to recognized bond and stoek brokers on allotments in: Hi' in
respect of applications for this stock which bear their stamp.
For application forms apply to tho Deputy Miuister of
Finance, Ottawa.
DEPARTMENT OP FINANCE, OTTAWA
OCTOBER 7U>. 1916.
snnBRn
wjurnvsosm
Co-Operative
Meat Market
We have on hand
a good supply of
Fresh Beef,
Pork,
Veal,
Lamb.
Sausage and Hamburg
Steak made every day.
Bacons, Hams and Lard
at  reasonable  prices.
Comox Co-Operative Meat
Market.
The Spirella
Made-to-order Corset, of
the finest quality.   Every
pair guaranteed.
For further information apply to
Mrs.   JOHN GILLESPIE,
Wat Cumberland.
LESLIE J. ASTON
DUNSMUIR    AVENUE
Shoemaker
REPAIRS NEAT and PROMPT
Prices in Line with the Times.
King George Hotel
VICTOR BONORA, Prop.
First Class in Every
Respect    :   :   :   :
Terms moderate.
Dunsmuir Ave. Cumberland,B.C.
Own
a
COLUMBIA
And know the world's greatest
musicians.
Representing the highest development
of the first successful instrument of
sound reproduction, the Columbia Gra
fonola is universally acclaimed as "the
one incomparable ins'rument instrument of music."
Columbia
double - disc.
Records
ate the exact counterpart in quality of
the Columbia Grafonola; they bring
you face to face with the living personality of the artist. Whatever your
musical taste may be, whether Grand
Opera, Instrumental, Orchestral, Dance
Music or Comedy, all are included in
thejhuge Columbia Catalogue of over
2,500 recordings.
Columbia Grafonolas range in price
from $20.00.   Very easy terms
can be arranged.   ,
G. A. FLETCHER MUSIC Co.,
"Namiimo's Music House"
M Commercial St., NANAIMO, B.C.
VTAROCCHI   BROS
Grocers and Bakers
Agents for Pii.sener Beep
(V.MI'KHI.AMi      COUKTENAY
E. L. SAUNDERS
PRACTICAL BOOT AND
SHOE MAKER
Orders Receive Prompt Attention
Repairing a Speolalty
West Cumberland FOUR
riM ISLANDER, CUMBERLAND, B.C.
His Aim In Life
An old lady, walking In a field,
came across a small boy watching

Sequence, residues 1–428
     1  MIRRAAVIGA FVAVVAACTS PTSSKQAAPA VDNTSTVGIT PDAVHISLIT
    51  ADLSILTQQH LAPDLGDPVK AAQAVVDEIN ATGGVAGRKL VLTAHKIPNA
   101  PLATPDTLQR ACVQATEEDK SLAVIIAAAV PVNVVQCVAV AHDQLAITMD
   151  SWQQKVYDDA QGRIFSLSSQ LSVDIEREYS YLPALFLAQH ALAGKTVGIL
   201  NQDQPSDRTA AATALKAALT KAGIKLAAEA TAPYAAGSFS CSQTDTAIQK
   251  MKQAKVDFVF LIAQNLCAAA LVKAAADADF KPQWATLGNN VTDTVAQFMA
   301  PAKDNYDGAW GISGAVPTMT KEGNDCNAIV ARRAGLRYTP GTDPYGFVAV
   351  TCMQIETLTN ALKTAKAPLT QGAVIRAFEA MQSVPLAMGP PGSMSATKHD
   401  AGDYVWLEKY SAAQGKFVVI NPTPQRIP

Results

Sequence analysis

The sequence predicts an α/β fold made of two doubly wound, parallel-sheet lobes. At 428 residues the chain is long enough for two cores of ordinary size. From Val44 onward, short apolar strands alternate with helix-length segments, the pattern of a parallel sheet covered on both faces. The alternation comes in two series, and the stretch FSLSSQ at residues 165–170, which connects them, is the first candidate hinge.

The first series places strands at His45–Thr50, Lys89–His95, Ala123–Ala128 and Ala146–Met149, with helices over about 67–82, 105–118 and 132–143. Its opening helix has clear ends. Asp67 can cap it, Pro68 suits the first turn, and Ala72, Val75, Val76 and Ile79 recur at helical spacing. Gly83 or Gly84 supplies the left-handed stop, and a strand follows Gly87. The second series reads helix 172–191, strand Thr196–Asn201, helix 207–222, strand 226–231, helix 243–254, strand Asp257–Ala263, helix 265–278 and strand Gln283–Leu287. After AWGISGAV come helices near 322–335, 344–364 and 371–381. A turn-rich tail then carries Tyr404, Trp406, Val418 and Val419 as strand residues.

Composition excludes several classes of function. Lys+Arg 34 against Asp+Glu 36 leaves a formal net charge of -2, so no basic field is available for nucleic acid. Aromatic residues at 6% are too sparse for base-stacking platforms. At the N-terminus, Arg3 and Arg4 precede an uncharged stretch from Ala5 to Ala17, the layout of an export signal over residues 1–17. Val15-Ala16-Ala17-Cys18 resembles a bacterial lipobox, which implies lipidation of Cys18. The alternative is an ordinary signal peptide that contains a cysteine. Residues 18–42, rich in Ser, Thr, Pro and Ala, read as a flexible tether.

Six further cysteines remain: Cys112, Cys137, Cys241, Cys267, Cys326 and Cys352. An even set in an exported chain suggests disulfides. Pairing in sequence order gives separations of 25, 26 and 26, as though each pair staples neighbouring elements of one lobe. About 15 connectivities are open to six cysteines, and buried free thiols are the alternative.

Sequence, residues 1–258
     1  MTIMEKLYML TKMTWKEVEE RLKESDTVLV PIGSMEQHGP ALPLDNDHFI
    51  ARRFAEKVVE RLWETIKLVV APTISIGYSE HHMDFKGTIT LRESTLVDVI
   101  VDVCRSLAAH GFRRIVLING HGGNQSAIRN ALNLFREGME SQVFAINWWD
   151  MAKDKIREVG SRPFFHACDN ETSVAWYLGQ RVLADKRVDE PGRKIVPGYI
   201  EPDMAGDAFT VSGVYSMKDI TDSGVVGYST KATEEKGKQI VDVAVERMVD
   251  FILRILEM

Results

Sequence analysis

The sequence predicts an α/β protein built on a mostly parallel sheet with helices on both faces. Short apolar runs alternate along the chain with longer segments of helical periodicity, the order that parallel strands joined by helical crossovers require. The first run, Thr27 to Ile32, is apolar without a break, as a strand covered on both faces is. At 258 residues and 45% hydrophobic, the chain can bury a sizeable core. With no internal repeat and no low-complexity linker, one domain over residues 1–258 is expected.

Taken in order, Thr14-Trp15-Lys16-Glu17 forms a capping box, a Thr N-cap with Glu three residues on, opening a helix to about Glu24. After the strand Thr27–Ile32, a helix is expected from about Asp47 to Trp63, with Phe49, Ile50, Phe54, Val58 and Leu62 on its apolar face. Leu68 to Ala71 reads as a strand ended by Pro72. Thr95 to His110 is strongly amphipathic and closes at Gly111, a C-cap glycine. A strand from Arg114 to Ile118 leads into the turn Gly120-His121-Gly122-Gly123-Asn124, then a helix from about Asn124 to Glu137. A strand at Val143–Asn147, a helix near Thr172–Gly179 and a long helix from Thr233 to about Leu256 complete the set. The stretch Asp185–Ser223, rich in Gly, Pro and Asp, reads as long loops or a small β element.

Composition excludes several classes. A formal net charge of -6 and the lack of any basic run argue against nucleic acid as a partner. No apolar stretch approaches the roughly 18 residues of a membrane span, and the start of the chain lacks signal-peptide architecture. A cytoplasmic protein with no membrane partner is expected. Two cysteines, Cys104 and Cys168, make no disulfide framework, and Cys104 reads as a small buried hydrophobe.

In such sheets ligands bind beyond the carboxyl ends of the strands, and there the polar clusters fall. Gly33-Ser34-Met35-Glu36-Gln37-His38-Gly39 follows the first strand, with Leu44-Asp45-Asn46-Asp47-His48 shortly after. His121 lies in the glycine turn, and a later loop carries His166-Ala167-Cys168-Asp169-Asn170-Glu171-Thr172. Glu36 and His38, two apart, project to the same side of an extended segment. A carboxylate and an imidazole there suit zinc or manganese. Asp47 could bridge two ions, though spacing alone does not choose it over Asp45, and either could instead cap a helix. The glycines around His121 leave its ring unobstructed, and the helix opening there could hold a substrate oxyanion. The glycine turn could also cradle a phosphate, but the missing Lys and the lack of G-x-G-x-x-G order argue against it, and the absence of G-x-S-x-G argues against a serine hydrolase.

his companions playing football.
"Well, my little fellow," said the old
lady kindly, "why aren't you playing
football with the other boya?"
"The captain chucked me out for
mulling a goal," replied t.io small boy
sadly.
"Really? Then, if thay had treated
ma like that, I wouldn't stand watching them while they played."
"I ain't watching them. I'm wait
lag till the game's over, an' then I'll
smash the captain," replied the small
boy savagely.
P
3E
a
ac
How Thrifty
He: "I wish I had my overcoat."
She: "Yes; wouldn't that be lovely!
Then you could hock it for the price-
of a taxi ride."
Turn  About
"I think I'll go Into baseball next
year," remarked the actor who was
out of a Job.
"But you don't know anything about
baseball," objected  his friend.
"What's that got to do with It?
Look at all the baseball players that
are drawing big salaries on the stage.
They don't know anything about acting, do they?"
Only  Kid-ding I
Recruiter: "What! Join the army:
Why, you're only an infant!"
Boy: "Well, let me Join the in-
fant-ry!"
Wife (icily): "You needn't speak to
mo for a menth!"
Husband: "Then you expect to have
finished talking by that time?"
"Truth," aaid the ready-made philosopher, "to stranger than Actio.:.''
"Yes," replied the cynic, "but It suffers under the dlsadvantace of seldom
being so well expressed."
All That Mattered
ilk    &M
mtu
f-
ff
VlBltor: "The little man gets like
his father, doesn't he, Mrs. Maggs?"
Mrs. Maggs: "That don't matter, sir,
s'long as 'e's 'ealthy."
Queen: "Have you ever kissed a
girl?"
Oswald: 'I., that an invlt Hon, or
are you jetting statistics?"
Cruel Words
"Now that we are settled In our new
home," said the bride, "don't you think
it would be a good idea to give a
little dinner to some of our frleuds?
I'll cook the dinner myself."
"Yes," replied her husband, looking
up from his plate. "I think that would
be a good way to test their friendship."
More  Frlghtfulnesi
"Come, Willie! Jump In the tub
and take your bath."
"*w, ma. I'm afraid of submarines."
THE   BIG   STORE
NEW SPRING GOODS
H    SPECIALS   IN   GROCERY DEPARTMENT
LARGE CHECK DRESS GOODS
in anodes of black and white,
brown and white, and navy and
white. The very latest goods.
Price per yard $1.50
PLAID DRESS GOODS in the
new novelty styles, only in dress
lengths.  Exclusive Roods.
Price the dress length     $8.50
DRESS GOODS, wide stripe,
smart up-to-date materials. Call
and see the new goods.
CREAM CORD SKIRTS, double
pockets, high belt, Good quality
and right style.
NEW SPRING COATS, North-
way garments, goods with a reputation for style and quality.
Piices ?11.50 to $22.00
DRESS MUSLINS, a very choice
selection of correct designs in
prices to suit all.
CREAM SILK WAISTS, just arrived, made in a splendid quality-
Jap Taffeta.   Very smart.
Price .... $3.95
CREPE CLOTH KIMONOS, in
pink, pale blue, old rose, deep
blue, made of good heavy crepe.
Wee  $|.95